Now let’s come back to our main question, “Can a Pastor reform a church?” Again, the scriptures make it clear that he cannot because the reformation of a church is ultimately the reformation of the people, the reformation of their hearts. A reformation minded pastor does not have the ability to reform the hearts of God’s people. This should be a humbling truth to him. However, this is no reason for him to despair because the scriptures also make it clear that the reformation minded pastor serves the Living God who can and does reform the hearts of His people. Thus, the reformation of a church is God’s work, not the pastor’s. So what a pastor can and should then do is establish the rule of God’s Word among God’s people through preaching, and through prayer, he should cry out to God to grant reformation to His church. Now given the state of many churches today, God’s intent may be to bring judgment upon a church rather than reformation. However, the reformation minded pastor can take comfort in the knowledge that his prayers to the Lord will be heard (1 John 5:14-15) and he will be rewarded for his faithfulness (1 Peter 5:4) whether God sends judgment or grants reformation to his church. And ultimately, the pastor should take comfort in the knowledge that God will indeed fully and completely cleanse and restore His church, His bride, to Himself in the Age to Come (Revelation 19:6-9).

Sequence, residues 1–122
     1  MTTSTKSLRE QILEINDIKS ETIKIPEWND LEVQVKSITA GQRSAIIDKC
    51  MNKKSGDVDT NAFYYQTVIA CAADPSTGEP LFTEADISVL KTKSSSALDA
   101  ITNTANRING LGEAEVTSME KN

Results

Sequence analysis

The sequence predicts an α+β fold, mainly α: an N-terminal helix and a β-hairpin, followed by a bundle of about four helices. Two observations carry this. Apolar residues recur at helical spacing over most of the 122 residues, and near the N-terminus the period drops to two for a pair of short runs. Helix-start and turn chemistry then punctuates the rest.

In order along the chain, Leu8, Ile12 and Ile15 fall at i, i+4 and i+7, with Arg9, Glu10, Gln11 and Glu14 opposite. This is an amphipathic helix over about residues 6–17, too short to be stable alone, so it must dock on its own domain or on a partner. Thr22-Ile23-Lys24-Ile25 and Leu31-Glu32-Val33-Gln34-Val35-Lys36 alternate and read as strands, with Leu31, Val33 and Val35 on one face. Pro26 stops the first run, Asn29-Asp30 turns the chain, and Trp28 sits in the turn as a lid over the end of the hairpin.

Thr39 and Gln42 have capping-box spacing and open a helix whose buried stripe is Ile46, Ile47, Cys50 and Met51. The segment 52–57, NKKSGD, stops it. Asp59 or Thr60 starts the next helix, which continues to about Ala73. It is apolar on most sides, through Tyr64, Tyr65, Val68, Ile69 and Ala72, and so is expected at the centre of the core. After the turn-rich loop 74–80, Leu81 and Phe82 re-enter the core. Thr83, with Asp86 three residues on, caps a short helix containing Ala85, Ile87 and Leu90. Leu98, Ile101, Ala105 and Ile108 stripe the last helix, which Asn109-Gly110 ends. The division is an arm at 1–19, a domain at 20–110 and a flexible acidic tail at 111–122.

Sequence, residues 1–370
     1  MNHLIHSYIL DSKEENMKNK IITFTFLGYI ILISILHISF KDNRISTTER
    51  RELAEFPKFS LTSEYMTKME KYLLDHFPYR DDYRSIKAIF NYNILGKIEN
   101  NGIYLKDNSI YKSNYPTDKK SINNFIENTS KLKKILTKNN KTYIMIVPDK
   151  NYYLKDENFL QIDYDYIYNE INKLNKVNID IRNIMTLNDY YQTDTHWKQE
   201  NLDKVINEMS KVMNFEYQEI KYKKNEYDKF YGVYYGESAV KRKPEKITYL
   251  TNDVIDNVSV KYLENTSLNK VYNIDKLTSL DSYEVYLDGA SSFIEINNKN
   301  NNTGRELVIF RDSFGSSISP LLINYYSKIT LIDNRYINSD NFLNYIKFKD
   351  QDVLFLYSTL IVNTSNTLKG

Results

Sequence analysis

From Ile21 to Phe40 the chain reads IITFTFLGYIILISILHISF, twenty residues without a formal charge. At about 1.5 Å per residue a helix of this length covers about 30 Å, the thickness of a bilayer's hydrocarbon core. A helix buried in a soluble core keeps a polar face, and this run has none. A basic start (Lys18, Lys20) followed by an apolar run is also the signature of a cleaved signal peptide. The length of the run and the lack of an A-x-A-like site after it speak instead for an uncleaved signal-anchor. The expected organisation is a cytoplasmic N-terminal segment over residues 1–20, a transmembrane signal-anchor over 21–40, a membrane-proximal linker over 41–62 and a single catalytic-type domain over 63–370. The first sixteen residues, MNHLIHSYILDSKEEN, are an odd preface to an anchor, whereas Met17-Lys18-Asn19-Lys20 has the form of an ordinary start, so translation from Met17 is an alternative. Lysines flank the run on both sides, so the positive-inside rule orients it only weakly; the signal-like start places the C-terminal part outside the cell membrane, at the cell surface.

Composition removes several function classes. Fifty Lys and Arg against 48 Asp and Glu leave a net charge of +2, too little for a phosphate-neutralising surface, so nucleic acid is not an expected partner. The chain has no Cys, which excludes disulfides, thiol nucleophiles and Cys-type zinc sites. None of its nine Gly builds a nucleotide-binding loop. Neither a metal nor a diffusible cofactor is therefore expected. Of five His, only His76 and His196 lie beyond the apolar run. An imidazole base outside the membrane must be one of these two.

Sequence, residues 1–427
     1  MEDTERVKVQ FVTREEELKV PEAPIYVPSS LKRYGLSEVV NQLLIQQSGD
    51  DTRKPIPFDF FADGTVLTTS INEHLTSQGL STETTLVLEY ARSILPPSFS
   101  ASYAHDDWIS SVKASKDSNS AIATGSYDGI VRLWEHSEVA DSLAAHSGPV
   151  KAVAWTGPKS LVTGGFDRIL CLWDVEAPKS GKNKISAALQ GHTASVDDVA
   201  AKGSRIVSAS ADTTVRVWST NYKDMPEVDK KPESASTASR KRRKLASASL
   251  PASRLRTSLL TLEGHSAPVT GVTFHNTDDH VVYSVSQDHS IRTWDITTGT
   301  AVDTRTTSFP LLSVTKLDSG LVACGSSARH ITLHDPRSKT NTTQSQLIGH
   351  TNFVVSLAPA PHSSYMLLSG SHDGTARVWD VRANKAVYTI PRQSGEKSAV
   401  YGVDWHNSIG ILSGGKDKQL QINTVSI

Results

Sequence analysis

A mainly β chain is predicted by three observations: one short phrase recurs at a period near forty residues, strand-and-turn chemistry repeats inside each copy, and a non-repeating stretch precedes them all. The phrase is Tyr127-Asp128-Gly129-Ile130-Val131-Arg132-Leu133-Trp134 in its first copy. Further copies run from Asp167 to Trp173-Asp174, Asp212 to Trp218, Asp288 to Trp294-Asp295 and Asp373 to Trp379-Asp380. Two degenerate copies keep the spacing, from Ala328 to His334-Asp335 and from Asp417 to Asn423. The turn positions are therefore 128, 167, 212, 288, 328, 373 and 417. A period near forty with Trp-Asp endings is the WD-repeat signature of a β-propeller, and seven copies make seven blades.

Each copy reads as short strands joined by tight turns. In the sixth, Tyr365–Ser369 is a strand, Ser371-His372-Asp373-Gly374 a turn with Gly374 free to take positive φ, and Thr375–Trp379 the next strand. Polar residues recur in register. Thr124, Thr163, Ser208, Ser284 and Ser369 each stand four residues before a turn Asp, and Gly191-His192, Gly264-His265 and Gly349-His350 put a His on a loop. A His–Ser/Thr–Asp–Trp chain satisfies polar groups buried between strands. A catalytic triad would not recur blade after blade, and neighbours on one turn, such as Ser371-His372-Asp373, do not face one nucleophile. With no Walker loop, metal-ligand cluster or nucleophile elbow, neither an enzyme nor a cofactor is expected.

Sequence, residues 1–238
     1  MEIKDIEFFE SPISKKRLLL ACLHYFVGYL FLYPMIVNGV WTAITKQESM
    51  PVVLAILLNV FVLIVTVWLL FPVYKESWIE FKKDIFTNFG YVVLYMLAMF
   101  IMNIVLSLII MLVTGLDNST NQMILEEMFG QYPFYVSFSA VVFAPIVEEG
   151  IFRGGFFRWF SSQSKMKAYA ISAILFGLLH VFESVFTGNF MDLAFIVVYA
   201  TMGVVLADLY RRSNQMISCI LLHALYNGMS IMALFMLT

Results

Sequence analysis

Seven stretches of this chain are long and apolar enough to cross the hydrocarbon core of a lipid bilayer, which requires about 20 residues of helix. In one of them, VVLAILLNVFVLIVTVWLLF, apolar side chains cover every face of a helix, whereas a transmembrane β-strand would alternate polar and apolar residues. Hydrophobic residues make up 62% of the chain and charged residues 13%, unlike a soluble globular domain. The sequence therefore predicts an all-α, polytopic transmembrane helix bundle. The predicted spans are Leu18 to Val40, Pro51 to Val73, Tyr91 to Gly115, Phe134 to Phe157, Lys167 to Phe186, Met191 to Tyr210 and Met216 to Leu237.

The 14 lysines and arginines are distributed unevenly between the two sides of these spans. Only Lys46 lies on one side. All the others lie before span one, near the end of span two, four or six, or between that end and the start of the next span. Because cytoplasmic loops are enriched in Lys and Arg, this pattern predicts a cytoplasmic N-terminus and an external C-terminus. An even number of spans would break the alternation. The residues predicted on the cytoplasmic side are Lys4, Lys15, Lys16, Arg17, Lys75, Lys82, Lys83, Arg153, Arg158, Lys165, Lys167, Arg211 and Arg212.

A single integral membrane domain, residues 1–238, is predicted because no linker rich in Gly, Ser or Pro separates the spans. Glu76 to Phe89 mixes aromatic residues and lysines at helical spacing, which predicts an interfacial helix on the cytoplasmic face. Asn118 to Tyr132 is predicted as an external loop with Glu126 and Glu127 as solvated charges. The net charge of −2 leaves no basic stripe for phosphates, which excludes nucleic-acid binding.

Josh Wilson is a professor of Bible at Missouri Baptist University and pastor of First Baptist Church in Park Hills, MO. He is a part of the leadership team of Founders Midwest and is an occasional speaker at the annual Southern Baptist Founders Conference Midwest. If you would like to attend the Southern Baptist Founders Conference Midwest, be sure to check out our Facebook page or visit our website for more information.

The Pain and Glory of Shepherding Christ’s Sheep

By John Greever

John 10:11I am the good shepherd; the good shepherd lays down His life for the sheep.

Acts 20:28Be on guard for yourselves and for all the flock, among which the Holy Spirit has made you overseers, to shepherd the church of God which He purchased with His own blood.”